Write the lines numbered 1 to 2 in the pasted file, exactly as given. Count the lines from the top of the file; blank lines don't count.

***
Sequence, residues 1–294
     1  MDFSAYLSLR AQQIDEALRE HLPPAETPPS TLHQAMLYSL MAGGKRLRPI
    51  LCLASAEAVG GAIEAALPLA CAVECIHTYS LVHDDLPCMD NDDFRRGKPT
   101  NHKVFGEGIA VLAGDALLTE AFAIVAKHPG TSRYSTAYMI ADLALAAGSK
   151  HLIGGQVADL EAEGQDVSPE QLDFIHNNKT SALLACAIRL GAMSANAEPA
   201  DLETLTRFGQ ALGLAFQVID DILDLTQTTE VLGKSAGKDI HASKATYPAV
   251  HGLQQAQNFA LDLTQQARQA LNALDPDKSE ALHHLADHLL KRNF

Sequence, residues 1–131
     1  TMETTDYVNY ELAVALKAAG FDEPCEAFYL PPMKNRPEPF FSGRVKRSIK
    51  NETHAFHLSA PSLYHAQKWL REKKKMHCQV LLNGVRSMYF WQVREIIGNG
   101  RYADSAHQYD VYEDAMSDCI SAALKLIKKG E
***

Sequence, residues 1–294
     1  MDFSAYLSLR AQQIDEALRE HLPPAETPPS TLHQAMLYSL MAGGKRLRPI